Is all of your writing war related?
No. All of my writing is life related. How can it be otherwise, unless it were insanity? As I've insinuated, interpretation of earthly experience varies with the innumerable differences between individuals. Story, the individual expression of one's bias turned universal, allows for some possible measure of companionship and perhaps even intimacy. That is what concerns all writers in all cultures in all historical periods. Language, theories, ideologies, and orthodoxies change, but the desire for truth remains intrinsic. Literature provides an essential vehicle for the exploration of meaning in one's search for wisdom.
In your search for wisdom, what inspires you?
Poetic ideas slip in and out of conscious thought, and one learns eventually to carry a pen and a notebook everywhere because inspiration strikes without warning. That momentary impulse is like a flint-spark of insight from which some fullness emerges from the prolonged process of writing. Inspiration occurs when imagination and memory collide, and each expression of it reveals the unique configuration of the poet's spirit. Regarding inspiration, though, let me refer to Thomas Edison who said that genius is one percent inspiration and ninety-nine percent perspiration. John Gardner suggests that one must read one's work at least one hundred times before trusting that the value of the work has appeared. Louis-Ferdinand Celine admitted that he felt as if he had to write eighty-thousand pages in order to get eight hundred that were worthwhile. True poetry, like any accomplishment of value, comes from prolonged, focused, effort and thoughtful, careful revision.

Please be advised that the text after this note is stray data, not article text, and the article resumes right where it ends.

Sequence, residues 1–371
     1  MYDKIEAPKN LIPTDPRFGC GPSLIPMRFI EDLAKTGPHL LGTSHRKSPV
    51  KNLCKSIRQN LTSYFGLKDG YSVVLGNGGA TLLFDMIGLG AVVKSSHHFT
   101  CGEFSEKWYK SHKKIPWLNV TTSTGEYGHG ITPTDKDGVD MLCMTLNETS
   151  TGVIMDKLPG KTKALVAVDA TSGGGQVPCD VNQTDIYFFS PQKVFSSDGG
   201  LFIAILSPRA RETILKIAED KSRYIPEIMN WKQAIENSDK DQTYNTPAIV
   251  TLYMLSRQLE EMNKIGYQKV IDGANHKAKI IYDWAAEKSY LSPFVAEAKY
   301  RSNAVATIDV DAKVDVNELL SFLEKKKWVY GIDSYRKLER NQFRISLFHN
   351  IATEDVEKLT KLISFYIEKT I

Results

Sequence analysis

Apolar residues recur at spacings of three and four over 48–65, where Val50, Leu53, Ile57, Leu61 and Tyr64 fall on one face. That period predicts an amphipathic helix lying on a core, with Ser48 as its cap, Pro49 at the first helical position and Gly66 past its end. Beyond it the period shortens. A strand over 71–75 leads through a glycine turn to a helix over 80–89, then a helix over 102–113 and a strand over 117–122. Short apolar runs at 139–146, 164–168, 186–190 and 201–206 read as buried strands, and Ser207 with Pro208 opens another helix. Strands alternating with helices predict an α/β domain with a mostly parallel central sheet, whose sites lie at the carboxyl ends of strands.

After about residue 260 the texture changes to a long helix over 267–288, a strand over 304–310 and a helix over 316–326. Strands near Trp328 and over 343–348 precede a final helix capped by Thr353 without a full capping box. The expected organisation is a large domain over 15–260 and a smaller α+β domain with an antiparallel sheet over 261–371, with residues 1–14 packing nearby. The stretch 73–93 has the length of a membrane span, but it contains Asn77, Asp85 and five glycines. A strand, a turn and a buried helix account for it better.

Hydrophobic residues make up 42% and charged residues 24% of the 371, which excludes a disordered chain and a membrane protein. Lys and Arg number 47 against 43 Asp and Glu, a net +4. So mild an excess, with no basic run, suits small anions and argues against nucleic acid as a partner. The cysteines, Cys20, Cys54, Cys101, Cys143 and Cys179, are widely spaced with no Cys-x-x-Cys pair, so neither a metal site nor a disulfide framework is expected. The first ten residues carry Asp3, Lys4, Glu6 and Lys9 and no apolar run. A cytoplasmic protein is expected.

Are all your poems in the form of chapbooks?